Access by others
published The public (any Calflora user) can see this record.
unpublished Only the owner (or members of the group, if this record belongs to an group) can see the record.
private Same access as unpublished. Set the value to private if you intend to keep the record out of the public eye for an extended period of time.
Shape   indicates that a polygon is defined for this record.
Point Location   indicates that a point location is defined for this record.
* Name The name of this survey.
* Observer The person(s) who did the survey. When adding a new record, this field is filled in with your name.
* Date Date when the survey was complete, in the form YYYY-MM-DD. For example, 2016-12-31.
Reference Plant List If you have already defined any plant lists, you can choose one here.
The Tab
Gross Area If you have added a polygon, press calculate area to calculate the area of the polygon. Otherwise, enter the estimated size of the area.
Natural Status Are the plants recorded in this survey growing wild, or were they planted by a human?
Photos Any photos of the survey area. During editing, you can attach a photo to a record by uploading it from your computer. Or, if your photo is already on the web, you can paste in the URL.
Ownership (AKA National Ownership) A broad classification of who owns the land where the plant is growing.
Elevation The elevation at the point location of this survey. During editing, once a point location has been chosen, press lookup elevation to find the elevation.
Access to the Site
public access
restricted access special arrangements are necessary to visit the site
no access
checklist from a single visit
checklist from multiple visits
The Tab
Particular observations can be associated with a survey record if they are owned by you or your group. An observation can be associated with at most one survey.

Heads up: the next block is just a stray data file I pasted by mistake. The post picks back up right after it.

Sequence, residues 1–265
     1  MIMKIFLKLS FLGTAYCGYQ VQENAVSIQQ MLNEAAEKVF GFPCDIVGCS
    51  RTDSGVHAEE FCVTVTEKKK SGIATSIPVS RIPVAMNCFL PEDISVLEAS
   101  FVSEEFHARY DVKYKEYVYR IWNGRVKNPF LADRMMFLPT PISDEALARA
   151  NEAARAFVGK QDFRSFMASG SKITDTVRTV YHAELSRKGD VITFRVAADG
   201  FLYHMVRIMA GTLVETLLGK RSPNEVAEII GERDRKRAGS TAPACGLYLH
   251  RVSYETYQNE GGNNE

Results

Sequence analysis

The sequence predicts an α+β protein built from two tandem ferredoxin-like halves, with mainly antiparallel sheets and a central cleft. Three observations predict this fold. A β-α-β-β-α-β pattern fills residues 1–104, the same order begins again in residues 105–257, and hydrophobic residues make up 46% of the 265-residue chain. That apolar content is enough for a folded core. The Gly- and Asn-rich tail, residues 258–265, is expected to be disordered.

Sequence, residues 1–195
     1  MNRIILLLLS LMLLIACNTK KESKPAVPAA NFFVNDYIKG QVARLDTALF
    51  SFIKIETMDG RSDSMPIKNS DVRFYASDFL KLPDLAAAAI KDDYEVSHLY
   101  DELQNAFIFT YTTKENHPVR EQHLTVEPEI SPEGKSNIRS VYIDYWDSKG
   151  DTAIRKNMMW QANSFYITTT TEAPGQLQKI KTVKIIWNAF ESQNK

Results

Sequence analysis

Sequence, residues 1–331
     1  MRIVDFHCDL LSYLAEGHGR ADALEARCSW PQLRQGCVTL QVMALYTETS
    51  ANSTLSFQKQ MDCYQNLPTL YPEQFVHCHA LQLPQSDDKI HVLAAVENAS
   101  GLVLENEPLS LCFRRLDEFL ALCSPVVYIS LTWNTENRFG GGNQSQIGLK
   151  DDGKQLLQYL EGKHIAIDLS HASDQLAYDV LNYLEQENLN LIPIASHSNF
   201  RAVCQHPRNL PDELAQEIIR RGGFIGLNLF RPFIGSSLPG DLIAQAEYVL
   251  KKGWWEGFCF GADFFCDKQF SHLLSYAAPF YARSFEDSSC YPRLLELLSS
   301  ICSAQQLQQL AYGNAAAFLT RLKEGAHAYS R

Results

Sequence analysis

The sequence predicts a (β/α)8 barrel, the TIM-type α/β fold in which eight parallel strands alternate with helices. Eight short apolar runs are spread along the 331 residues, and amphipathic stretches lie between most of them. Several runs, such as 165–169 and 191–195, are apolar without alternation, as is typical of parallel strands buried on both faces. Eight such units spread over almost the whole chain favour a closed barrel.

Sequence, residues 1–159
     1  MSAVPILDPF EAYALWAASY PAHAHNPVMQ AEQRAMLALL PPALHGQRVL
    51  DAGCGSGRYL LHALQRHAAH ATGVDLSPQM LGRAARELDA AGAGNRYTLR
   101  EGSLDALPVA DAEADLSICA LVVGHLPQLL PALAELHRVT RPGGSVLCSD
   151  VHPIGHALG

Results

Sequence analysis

Use this tab to find your observations in the survey area, and to add them to the survey.

The Tab
This is the list of plants covered by this record. Each plant has a Count value, indicating relative abundance in the survey area. 0 is a special value of Count, which indicates that the plant was not found.
Finding your Survey Records

Once you have entered a survey record, you can find it in My Observations.

If the survey is published, you can also find it with the Checklist / Survey Search application. This application is particularily useful for finding many surveys owned by a group.

Survey vs. Checklist

The concept of a survey is very similar to that of a checklist, in that both are associated with an area and a plant list. But where a survey happens over a very discrete time interval, perhaps just one day, the time element of a checklist is much more fluid. For instance, a checklist might represent all of the plants an observer has seen in an area during multiple visits over the course of several years. (Since some plants are only identifiable at certain times of year, a really comprehensive checklist necessarily involves multiple visits.)

With this application, you can distinguish between a survey and a checklist by setting the value of the field called Method (as in the method you used to assemble the information).

The date on a survey record indicates the date that the survey was complete. For a checklist where there were multiple visits to an area, it is the date of the last visit.


• April, 2016:   v. 0.60 (beta) released.

The classic Checklist Entry application is still available.